This game had begun a generation earlier with Prohibition, 1919-1933, but continued under an alcohol tax-collecting rationale into the Sixties. The libertarian Cato Institute makes the case that the game continues to this day as the War On Drugs and is a failure for the same reasons as was Prohibition. A New Mexico governor of my acquaintance, Gary Johnson, committed political suicide by buying the Cato line and advocating drug legalization. . . . But this is not about politics. My interest in Tom Wolfe’s little history of moonshining and bootlegging and fast cars is that my grandfather, J. R. Calloway, preceded Junior Johnson in the whiskey-running game. Except, well, my grandfather was on . . . the other side!
Same game, different uniform. Like Junior Johnson, my grandfather was a Scotch-Irish native of western North Carolina. The 1880 Census (there is no 1890 Census record) lists his father and grandfather and likely uncle as farmers heading separate households on the west fork of the Ivy River, which is a tributary of the French Broad, which drains a large region between Asheville, N.C., and Knoxville, Tenn. J. R. and my grandmother, the former Margaret Holcombe, took their young family West to Colorado, settling in 1913 in the Boulder County town of Longmont, where he became police chief within two years. For most of the Roaring Twenties he also was an agent of the Federal Prohibition Bureau.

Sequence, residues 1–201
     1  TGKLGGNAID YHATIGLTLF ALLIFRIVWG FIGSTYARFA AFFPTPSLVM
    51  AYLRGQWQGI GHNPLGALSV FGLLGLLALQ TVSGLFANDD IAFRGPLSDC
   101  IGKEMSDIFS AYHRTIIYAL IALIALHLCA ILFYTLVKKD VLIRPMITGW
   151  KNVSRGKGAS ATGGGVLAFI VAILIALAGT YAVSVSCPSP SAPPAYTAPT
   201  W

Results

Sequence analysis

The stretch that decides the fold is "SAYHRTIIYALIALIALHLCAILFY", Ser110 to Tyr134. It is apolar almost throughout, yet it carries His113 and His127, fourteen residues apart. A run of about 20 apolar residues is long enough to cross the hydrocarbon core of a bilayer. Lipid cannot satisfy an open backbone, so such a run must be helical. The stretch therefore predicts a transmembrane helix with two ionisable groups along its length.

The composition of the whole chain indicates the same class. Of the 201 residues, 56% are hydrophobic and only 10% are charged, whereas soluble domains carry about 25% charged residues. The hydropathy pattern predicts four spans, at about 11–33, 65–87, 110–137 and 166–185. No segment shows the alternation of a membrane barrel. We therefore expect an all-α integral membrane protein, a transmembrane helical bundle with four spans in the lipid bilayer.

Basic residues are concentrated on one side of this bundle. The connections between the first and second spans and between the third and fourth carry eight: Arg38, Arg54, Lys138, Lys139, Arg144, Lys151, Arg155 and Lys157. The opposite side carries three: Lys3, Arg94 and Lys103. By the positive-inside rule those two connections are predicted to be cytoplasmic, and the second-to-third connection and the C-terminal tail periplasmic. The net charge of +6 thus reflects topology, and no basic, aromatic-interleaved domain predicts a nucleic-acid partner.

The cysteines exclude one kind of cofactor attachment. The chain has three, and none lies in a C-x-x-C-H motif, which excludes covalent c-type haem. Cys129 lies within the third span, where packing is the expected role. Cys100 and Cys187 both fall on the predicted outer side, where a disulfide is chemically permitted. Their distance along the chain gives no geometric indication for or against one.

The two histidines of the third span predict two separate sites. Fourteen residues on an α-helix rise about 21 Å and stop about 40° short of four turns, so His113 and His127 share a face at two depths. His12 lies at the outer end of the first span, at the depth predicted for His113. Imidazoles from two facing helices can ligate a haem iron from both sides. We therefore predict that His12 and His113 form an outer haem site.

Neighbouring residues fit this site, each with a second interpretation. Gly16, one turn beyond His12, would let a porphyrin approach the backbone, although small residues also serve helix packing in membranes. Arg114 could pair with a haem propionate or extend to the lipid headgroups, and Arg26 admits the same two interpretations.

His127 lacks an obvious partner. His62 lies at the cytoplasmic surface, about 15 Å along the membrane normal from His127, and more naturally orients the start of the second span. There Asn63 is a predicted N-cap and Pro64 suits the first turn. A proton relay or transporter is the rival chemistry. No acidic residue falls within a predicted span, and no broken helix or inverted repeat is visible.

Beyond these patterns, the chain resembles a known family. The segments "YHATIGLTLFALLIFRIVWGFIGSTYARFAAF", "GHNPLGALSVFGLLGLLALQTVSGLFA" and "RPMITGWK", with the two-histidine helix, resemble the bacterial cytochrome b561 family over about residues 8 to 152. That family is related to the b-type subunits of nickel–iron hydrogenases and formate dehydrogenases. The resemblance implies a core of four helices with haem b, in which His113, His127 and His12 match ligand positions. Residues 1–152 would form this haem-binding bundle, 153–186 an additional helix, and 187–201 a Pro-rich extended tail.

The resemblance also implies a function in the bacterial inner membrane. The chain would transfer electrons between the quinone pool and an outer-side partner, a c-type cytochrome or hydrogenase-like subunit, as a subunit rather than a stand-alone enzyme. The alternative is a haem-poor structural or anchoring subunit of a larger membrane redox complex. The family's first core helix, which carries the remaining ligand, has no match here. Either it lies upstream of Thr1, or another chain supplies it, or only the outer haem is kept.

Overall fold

I have no memory of him – he died in 1942 – and his only personal communication in my possession is his signature on a leaf of a gift Bible soon after I was born. A Baptist deacon, he used to give Bibles to all his grandchildren. I would have liked to hear his stories, if he told stories, because a few days ago, as part of this project, for the first time I did some close reading of some narrow old newspaper clippings that passed on to me. It seems, among other things, that on Dec. 16, 1927, my grandfather, leading a surprise raid on a farm near Littleton, busted the chief of the Colorado state police, a former state legislator named Clifford Wilder. This well connected politician had an elaborate underground whiskey distillery going, and after a notorious trial and exhaustion of appeals, Wilder went to prison in Canon City, where he stayed for a while because the Denver press exposed a plot to parole him immediately.